Pull quote: “Many people have asked what we expect people to do with the data. Personally, I have no idea, and that’s the point. I’ve seen over and over that when data is made openly available with the fewest impediments — legal and technical — people are incredibly creative about finding innovative uses for the data that we never could have predicted.”

Pull quote: “John Palfrey, Chair of the DPLA, said he hoped that this would encourage other institutions to make their own collection metadata publicly available. According to Harvard’s FAQ, other libraries that have already done so include 3 million records from the British Library, 5.4 million from Cologne libraries, 3.6 million from the University of Cambridge, and 8 million from OCLC’s OhioLINK–OCLC Collection and Circulation Analysis Project.”

Pull quote: “The deal here is that Open Access is not a fringe issue any more. It’s not just something that idealistic young researchers like to shout about. It’s a major part of the strategy of one — several, actually — of the world’s top universities. I’d argue that it’s been a moral imperative for a long time. Now Open Access has become an economic imperative, too.”

Pull quote: “Everything’s in flux, markets are rearranging. But I think I sense a general swing of the pendulum back to per-use fees, interestingly sometimes this is what libraries want and sometimes it’s what libraries resist, and some for publishers and aggregators. In general, per-use charging, just like flat rate charging, may or may not be sustainable for library customers, it of course depends on the pricing.”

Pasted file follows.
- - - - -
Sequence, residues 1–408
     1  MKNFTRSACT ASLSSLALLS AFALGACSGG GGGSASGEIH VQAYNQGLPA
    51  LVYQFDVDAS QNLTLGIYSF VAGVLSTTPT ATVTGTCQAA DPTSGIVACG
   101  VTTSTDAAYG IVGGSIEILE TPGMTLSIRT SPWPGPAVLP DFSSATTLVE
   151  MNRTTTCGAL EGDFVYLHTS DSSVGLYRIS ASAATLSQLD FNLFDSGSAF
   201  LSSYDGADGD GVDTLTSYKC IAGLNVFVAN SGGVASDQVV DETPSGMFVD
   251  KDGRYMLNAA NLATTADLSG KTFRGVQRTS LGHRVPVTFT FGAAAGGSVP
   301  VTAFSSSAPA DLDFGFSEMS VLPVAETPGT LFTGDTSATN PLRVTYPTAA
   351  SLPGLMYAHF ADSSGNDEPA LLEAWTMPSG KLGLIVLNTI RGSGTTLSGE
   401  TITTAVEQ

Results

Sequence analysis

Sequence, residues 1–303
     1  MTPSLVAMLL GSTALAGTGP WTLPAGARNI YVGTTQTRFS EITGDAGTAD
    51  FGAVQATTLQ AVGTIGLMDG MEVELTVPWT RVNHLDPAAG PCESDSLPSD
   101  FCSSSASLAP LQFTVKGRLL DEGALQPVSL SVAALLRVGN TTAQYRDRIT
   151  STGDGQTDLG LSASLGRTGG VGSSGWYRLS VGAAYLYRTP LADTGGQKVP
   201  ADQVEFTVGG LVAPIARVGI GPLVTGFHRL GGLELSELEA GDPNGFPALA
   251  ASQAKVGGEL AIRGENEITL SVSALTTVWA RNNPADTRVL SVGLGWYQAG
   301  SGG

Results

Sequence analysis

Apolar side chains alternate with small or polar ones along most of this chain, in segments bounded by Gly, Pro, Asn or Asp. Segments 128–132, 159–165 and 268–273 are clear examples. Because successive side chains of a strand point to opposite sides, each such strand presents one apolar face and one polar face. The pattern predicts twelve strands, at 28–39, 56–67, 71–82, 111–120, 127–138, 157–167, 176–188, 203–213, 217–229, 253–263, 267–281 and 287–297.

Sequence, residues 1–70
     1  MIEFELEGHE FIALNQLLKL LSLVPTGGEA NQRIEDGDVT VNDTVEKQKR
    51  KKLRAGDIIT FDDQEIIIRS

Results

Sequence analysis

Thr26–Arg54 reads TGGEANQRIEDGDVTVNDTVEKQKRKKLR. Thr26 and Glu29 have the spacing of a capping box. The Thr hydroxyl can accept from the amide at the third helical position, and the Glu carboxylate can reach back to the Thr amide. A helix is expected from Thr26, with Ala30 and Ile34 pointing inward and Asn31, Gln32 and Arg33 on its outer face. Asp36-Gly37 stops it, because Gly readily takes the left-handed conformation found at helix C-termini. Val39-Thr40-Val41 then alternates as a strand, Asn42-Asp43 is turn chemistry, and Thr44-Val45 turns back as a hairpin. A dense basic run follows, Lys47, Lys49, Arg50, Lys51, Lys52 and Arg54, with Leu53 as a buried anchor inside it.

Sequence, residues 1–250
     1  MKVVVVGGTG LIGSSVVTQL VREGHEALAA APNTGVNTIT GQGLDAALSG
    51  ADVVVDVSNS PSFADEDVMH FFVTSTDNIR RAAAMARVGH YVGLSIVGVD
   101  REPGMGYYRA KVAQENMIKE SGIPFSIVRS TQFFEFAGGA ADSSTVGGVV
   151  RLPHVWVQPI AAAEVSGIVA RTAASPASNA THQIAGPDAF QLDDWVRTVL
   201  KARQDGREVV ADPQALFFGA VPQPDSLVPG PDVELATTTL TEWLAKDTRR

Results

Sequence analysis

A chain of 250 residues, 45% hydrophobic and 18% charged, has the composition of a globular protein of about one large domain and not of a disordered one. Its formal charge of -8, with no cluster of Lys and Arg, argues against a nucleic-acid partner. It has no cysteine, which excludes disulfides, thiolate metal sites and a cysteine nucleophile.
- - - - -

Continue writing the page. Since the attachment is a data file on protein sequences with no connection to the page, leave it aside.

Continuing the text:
Pull quote: “Refusing these ‘untenable’ conditions will bring pain to the users and the librarians, who must deal with declining collections and frustrated clients. But like those who fought the untenable labor conditions of manufacturing, farming, and transportation, we are beginning to see that uniting our efforts against the unsustainable practices of those who control the the capital of scholarly communication will stabilize the delicate balance of powers and enable the progress of knowledge.”

Pull quote: “In a frank open letter to the Harvard faculty, the council warns that the library faces a subscription crisis ‘exacerbated by efforts of certain publishers’ to bundle journals into high-priced packages. The letter does not name those publishers but says that Harvard now pays almost $3.75-million a year for their journals. ‘Continuing these subscriptions on their current footing is financially untenable,’ the council says.”

Pull quote: “So Harvard’s ‘no, we can’t’ carries a significant subtext: no amount of money, even from one of the richest universities in the world, can satisfy the rapacity of the current system. To the Loon, this has been obvious for years: whatever amount of money a library has, the big-pigs invariably find a way to vacuum it up, so increasing money flow to the library merely increases the big-pigs’ profits without buying much if any additional benefit to libraries or library patrons.”